Research Update: The use of trackers to monitor fishing activity in Cromer Shoal Chalk Beds MCZ
As part of ongoing research activities in Cromer Shoal Chalk Beds MCZ, Eastern IFCA has been working with the fishing industry to gather evidence of fishing activity in the MCZ.
Several fishermen who operate in the crab and lobster potting fisheries have agreed to carry trackers aboard their fishing vessels to assist with this important research, the overall aim of which is to build up a picture of fishing activity in the MCZ, to better understand levels of fishing effort, where fishing is concentrated and how fishing activity interacts with the seabed.
Read more about tracker work in this article by Eastern IFCA Marine Science Officer and Project Manager Stephen Thompson.
Stephen Thompson (Project Manager)
“As a crab fisherman from Cromer for several generations, I agreed to have a tracker on board to prove exactly where we fish and how important the Cromer chalk beds are to the local fishing industry and without the chalk and flint seabed which is unique to this area, the fishery would not exist.
Normally fishermen would closely guard this information of where and when they fish but we need to prove the importance of the area to continue to allow the fishing industry to carry on into the future for the next generation.”
To be able to know how fishing activity interacts with the seabed, and how important certain areas of the sea are to fishing communities, it is necessary to have a good idea of where and when fishing happens. In the past, this has been done by a combination of fishermen filling in record forms and books, and people going out and making notes of where fishing is happening – either on the fishing boats themselves, or on patrol boats.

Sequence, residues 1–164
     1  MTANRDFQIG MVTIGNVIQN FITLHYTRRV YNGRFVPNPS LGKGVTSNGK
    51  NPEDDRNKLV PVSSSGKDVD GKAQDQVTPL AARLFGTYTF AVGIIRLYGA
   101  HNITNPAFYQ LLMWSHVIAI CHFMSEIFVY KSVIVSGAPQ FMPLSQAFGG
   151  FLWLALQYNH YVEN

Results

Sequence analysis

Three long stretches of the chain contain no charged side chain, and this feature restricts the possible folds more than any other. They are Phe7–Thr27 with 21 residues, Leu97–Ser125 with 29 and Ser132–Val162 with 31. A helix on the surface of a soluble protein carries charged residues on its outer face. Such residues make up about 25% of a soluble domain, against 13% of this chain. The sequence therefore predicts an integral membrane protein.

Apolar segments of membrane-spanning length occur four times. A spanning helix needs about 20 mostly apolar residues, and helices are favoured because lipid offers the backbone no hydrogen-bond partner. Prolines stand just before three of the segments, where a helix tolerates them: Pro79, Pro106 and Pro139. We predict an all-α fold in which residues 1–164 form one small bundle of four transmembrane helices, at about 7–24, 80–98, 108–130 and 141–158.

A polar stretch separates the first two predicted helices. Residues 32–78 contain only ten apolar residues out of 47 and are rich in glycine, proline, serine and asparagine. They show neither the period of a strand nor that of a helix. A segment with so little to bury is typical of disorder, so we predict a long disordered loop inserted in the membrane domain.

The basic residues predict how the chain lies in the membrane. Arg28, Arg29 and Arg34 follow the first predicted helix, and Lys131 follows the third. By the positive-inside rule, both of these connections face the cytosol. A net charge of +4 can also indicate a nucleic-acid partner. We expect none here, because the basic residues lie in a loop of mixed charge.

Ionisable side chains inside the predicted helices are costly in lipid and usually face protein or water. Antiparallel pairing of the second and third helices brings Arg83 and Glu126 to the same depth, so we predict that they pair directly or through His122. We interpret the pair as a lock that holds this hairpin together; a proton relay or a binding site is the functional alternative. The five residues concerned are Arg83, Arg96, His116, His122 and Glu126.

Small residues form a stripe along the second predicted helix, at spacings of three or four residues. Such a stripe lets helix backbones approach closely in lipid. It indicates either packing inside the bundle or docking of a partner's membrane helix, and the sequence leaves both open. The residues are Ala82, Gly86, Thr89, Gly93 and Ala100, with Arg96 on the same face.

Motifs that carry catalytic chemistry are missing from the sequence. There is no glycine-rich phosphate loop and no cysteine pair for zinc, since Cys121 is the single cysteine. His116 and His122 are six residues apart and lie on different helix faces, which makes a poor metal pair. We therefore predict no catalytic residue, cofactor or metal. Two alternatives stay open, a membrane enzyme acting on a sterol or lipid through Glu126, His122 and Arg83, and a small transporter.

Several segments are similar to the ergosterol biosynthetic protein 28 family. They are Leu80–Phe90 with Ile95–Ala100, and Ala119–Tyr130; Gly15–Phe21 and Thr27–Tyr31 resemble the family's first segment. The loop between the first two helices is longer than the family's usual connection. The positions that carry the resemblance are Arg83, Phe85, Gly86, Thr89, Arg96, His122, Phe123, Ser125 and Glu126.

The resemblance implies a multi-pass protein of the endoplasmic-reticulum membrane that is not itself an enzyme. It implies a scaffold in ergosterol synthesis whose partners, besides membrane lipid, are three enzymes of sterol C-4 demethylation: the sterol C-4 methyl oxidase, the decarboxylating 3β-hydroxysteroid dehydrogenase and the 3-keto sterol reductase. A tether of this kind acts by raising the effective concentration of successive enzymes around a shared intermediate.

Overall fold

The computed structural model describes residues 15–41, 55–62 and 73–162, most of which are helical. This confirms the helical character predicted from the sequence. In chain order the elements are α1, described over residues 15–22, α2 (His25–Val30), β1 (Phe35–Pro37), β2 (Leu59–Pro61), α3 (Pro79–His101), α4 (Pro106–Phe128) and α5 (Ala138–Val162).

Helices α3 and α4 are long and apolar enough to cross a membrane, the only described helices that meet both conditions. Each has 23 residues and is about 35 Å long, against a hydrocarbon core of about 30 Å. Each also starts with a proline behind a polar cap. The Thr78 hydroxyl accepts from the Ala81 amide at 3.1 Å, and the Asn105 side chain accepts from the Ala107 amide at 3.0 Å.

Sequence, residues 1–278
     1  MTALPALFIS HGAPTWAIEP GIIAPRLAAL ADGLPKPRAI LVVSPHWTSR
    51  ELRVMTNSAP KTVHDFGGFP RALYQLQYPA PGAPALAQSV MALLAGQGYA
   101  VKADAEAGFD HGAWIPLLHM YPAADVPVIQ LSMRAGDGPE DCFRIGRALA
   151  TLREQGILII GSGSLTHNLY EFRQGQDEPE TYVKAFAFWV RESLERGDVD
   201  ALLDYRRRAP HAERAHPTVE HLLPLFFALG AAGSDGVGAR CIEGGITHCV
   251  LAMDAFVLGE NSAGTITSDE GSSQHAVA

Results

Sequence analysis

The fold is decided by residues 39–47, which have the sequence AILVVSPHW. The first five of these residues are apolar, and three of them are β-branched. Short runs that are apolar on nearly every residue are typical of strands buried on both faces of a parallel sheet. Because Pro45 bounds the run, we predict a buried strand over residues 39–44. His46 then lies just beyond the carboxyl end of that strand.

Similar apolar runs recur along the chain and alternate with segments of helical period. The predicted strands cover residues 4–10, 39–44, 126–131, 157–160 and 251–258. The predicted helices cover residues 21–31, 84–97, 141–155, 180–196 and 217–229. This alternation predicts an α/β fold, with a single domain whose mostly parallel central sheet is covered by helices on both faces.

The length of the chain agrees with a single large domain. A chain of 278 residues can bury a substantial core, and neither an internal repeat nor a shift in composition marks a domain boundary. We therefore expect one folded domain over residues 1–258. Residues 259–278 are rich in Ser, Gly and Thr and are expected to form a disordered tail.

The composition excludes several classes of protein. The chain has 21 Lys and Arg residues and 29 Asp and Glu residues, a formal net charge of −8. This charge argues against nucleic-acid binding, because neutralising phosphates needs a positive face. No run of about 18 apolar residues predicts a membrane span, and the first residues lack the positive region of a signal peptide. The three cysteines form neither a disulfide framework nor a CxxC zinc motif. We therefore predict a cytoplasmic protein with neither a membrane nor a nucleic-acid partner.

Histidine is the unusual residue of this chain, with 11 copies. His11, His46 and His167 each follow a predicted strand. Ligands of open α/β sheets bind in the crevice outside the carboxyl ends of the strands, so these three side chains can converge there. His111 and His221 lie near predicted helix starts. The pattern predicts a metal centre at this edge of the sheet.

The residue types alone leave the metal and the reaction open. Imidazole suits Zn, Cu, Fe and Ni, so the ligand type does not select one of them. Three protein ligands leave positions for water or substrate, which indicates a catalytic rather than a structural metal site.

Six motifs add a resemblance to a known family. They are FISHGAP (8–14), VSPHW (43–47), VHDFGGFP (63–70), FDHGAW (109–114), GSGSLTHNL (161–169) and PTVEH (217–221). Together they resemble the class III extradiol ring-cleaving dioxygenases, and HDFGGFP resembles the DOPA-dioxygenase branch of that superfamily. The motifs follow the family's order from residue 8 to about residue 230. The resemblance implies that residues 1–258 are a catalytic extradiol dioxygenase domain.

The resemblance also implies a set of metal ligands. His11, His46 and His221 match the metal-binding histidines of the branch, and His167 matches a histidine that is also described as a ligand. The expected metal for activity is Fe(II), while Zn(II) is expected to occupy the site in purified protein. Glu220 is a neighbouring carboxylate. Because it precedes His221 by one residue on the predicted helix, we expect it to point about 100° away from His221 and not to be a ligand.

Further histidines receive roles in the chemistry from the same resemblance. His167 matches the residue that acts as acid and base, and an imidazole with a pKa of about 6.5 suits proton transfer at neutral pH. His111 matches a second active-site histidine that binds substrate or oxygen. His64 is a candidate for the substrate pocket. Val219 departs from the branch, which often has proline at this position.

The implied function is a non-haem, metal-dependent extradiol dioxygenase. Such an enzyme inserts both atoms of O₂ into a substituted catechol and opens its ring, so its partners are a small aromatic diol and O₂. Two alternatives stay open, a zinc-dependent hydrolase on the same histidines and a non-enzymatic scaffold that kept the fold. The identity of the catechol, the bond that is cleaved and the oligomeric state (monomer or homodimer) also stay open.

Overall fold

These methods of monitoring fishing activity have big limitations. Fishermen are too busy when at sea to fill in forms, and a small open boat is not a good place to be trying to do this, while recording “after the fact” is subject to the frailties that all human memory suffers from. Recording by “observers” is also limited; there are few observers, they are expensive, and only a very few fishing boats can take observers onboard at any one time. Even if the observers are on patrol boats, similar limitations apply – there are few patrol boats, and they can’t be everywhere at the same time.
Fortunately, there are now technological solutions. The well-established and trusted GPS system, combined with micro-electronics and advancing mobile phone technology, has led to the development of “Trackers” of various types, which record their location on a regular basis, and then either store or download this information. Such trackers have been used in a lot of ways – they’ve been put on fish and birds to record their migrations, they’ve been used on floating buoys to record ocean currents, and they’re used on vehicles, initially as devices to locate and recover stolen cars and trucks. A lot of companies and individuals are also now using trackers to record the position of vehicles for tasks such as fleet management – all the Eastern IFCA vehicles are fitted with a tracker that records location and speed of the vehicle.
Such trackers have to operate in challenging environments, underneath vehicles, and have to be “fit and forget” (no-one is going to remember to switch them on!). And as there is now a large worldwide market, the units are relatively inexpensive, and with a good track record of reliable operation. We have identified one such unit that could well have applications in recording the position of small boats. This is a rugged, waterproof, self-contained unit, with its own rechargeable battery (so it’s not quite “fit and forget” – it has to be charged about once every two weeks). It is small, and attaches to any suitable surface by means of a magnet